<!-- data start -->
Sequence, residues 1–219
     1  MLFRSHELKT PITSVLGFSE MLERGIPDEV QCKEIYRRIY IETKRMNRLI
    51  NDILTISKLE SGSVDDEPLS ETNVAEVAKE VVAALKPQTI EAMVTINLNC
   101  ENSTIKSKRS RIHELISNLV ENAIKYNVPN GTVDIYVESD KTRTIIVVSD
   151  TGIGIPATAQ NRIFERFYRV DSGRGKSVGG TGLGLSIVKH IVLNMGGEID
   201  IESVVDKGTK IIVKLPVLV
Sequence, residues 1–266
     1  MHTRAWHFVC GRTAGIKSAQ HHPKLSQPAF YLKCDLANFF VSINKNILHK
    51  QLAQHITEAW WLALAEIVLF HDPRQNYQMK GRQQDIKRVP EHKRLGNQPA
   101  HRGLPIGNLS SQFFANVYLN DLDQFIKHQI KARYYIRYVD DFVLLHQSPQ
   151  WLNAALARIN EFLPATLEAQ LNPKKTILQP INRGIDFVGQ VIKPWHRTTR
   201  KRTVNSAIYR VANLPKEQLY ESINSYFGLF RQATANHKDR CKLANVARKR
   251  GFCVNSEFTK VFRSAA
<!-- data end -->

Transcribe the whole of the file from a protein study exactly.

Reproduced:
Sequence, residues 1–219
     1  MLFRSHELKT PITSVLGFSE MLERGIPDEV QCKEIYRRIY IETKRMNRLI
    51  NDILTISKLE SGSVDDEPLS ETNVAEVAKE VVAALKPQTI EAMVTINLNC
   101  ENSTIKSKRS RIHELISNLV ENAIKYNVPN GTVDIYVESD KTRTIIVVSD
   151  TGIGIPATAQ NRIFERFYRV DSGRGKSVGG TGLGLSIVKH IVLNMGGEID
   201  IESVVDKGTK IIVKLPVLV
Sequence, residues 1–266
     1  MHTRAWHFVC GRTAGIKSAQ HHPKLSQPAF YLKCDLANFF VSINKNILHK
    51  QLAQHITEAW WLALAEIVLF HDPRQNYQMK GRQQDIKRVP EHKRLGNQPA
   101  HRGLPIGNLS SQFFANVYLN DLDQFIKHQI KARYYIRYVD DFVLLHQSPQ
   151  WLNAALARIN EFLPATLEAQ LNPKKTILQP INRGIDFVGQ VIKPWHRTTR
   201  KRTVNSAIYR VANLPKEQLY ESINSYFGLF RQATANHKDR CKLANVARKR
   251  GFCVNSEFTK VFRSAA